Far East boosts Burmah Castrol

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The Independent Online
Soaring demand for Castrol lubricants in the buoyant economies of the Far East kept profits on a roll at Burmah Castrol last year. Volume growth of more than 20 per cent in markets from India to Vietnam more than made up for sluggish conditions in the maturer markets of Europe and the US.

That growth confirmed the wisdom of the group's decision to focus the bulk of its marketing spend on the fast growing markets of the Pacific Rim. One of British business's most successful exporters to Asia, Burmah raised eyebrows last year when it took 150 of its most senior managers to China for a strategy conference.

Profits, which jumped 15 per cent before tax from pounds 219.5m to pounds 253m, also benefited from the decision in the middle of 1995 to pull out of petrol retailing in the UK, where a vicious price war has sent profits tumbling at Burmah's former rivals. The sale of the business for pounds 83m to Frost Group was made just before the price war broke out in earnest.

Lawrence Urquhart, chairman, said: "As we enter 1996, Asia remains buoyant while South America exhibits signs of recovery. However, subdued market conditions are eveident in the developed markets of Europe and North America, although activity is forecast to pick up later in the year."

After a 17 per cent increase in earnings per share from 57.3p to 66.9p, the dividend increased 12 per cent to 36.25p.

Burmah remains dominated by its Castrol lubricants business, where profits increased by 13 per cent to pounds 204.3m. That reflected a 5 per cent volume improvement as the company continued to take share of a global market growing at only about 1 per cent a year. Although car ownership around the world is growing fast, modern vehicles use much less oil.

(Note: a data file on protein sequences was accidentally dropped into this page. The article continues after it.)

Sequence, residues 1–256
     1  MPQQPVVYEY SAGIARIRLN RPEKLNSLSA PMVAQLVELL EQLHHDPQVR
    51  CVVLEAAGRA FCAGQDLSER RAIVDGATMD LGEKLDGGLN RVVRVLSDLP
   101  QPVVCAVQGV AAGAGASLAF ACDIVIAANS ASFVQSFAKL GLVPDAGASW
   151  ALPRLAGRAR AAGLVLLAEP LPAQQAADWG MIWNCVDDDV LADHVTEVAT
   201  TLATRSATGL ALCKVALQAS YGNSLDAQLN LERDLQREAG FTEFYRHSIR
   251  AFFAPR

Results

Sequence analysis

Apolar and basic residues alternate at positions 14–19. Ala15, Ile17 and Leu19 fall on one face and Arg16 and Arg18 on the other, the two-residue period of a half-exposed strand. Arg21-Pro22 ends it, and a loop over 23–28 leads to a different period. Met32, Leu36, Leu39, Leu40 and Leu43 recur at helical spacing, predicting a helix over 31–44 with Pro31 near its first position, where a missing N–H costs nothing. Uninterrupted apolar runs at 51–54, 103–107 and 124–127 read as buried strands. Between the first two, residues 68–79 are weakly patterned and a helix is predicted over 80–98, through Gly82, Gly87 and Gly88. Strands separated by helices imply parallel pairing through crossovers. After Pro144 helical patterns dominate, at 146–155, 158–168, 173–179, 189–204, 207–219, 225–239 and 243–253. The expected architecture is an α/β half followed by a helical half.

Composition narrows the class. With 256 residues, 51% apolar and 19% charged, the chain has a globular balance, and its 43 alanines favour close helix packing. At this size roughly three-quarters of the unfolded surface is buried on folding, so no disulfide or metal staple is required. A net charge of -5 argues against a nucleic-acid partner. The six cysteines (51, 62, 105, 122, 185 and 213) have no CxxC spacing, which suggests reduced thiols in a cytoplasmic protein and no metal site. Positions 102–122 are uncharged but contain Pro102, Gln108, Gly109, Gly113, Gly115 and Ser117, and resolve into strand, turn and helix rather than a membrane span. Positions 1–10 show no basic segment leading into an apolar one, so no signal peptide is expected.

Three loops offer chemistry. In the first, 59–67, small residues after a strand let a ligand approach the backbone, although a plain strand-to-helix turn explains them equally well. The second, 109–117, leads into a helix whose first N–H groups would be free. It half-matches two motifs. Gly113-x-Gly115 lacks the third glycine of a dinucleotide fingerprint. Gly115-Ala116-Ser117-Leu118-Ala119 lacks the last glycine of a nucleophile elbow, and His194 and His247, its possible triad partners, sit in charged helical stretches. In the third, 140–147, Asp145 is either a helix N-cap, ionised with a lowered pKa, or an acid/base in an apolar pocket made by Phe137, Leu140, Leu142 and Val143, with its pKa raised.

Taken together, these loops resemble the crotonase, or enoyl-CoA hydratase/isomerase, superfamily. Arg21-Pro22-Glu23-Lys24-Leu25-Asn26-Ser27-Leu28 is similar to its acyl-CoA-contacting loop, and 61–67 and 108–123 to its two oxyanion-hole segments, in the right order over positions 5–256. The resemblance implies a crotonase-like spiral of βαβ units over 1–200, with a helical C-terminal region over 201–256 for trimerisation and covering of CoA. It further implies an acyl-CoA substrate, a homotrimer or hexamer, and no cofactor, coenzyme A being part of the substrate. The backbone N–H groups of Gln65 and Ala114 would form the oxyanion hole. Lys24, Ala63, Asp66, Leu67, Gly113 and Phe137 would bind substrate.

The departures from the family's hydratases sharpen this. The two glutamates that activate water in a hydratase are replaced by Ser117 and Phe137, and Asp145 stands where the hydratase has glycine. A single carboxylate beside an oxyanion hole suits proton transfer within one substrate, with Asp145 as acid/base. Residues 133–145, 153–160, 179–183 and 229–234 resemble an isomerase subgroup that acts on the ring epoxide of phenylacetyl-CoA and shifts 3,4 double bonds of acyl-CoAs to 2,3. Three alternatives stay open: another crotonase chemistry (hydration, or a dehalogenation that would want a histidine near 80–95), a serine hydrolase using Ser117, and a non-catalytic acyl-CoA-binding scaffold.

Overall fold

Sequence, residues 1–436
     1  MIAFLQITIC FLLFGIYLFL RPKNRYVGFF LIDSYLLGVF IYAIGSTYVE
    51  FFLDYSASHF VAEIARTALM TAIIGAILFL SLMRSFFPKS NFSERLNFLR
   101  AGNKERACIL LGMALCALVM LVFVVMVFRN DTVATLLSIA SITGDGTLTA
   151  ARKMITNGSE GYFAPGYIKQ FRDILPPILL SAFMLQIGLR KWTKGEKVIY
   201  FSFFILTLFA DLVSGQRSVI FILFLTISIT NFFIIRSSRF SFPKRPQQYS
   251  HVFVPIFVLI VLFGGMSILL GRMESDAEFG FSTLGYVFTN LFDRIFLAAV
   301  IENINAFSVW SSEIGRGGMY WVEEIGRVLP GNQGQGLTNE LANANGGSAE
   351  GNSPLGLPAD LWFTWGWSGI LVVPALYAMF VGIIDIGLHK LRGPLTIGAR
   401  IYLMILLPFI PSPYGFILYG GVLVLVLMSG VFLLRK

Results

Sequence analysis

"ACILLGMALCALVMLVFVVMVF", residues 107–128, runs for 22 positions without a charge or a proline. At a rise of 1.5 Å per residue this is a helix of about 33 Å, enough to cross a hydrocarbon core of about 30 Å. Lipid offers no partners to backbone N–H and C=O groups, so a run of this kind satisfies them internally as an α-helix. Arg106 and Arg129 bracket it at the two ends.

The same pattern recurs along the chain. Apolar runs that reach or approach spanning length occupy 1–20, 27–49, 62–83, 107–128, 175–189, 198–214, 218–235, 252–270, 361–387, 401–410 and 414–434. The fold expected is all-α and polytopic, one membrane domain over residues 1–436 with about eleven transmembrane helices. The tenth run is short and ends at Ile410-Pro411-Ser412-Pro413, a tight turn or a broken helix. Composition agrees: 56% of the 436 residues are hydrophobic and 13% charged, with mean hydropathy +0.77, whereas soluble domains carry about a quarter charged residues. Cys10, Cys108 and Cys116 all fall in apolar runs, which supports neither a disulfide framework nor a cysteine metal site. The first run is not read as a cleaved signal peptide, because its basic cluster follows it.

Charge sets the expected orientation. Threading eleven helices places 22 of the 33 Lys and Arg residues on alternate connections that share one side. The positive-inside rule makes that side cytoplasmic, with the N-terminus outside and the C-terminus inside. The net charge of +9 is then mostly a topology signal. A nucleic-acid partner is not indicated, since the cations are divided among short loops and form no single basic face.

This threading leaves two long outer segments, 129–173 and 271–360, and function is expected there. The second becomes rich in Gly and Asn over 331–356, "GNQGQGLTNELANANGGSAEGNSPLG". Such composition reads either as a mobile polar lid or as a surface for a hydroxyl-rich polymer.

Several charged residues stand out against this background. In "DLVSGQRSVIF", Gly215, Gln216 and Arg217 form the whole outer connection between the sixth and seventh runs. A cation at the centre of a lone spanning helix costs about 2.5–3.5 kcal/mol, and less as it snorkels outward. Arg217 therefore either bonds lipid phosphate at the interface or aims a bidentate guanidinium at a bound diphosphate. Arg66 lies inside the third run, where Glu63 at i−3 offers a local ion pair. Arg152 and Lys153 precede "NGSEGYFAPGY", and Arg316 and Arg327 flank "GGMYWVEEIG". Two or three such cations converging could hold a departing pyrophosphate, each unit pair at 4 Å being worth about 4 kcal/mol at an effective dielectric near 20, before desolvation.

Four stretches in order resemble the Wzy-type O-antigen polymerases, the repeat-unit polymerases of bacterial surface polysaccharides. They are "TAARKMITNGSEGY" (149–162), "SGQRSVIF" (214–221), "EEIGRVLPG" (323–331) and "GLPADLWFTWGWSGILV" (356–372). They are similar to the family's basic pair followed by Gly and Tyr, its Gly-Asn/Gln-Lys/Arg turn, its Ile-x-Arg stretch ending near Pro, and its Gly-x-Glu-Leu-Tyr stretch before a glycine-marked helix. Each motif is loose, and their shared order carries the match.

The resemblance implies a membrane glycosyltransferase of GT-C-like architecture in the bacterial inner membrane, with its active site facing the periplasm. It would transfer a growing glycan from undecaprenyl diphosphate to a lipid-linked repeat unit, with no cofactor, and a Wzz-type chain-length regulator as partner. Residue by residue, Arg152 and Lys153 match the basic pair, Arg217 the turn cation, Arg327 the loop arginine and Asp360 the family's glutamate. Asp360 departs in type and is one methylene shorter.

In Europe, flat consumer markets were offset to an extent by strong industrial demand and profits, up 17 per cent to pounds 103.4m, were also given a lift by trading up, where consumers are prepared to swap regular lubricants for higher margin synthetic products. In North America, consumer demand actually fell slightly as retailers added to the gloom by destocking.

The Asian story remains bright, however, with profits up 14 per cent to pounds 70.9m. Reflecting the importance of the region, which is expected to overtake Europe in volume terms soon, the Far East management has been relocated from Swindon to Hong Kong at a cost of pounds 2m.

The other main bright spotcame from the formerly troubled chemicals arm, where profits jumped 28 per cent to pounds 62.4m after a particularly strong first half carried the division through a progressively difficult year. The group's target return on sales of 10 per cent was almost matched with an underlying margin of 9 per cent achieved.

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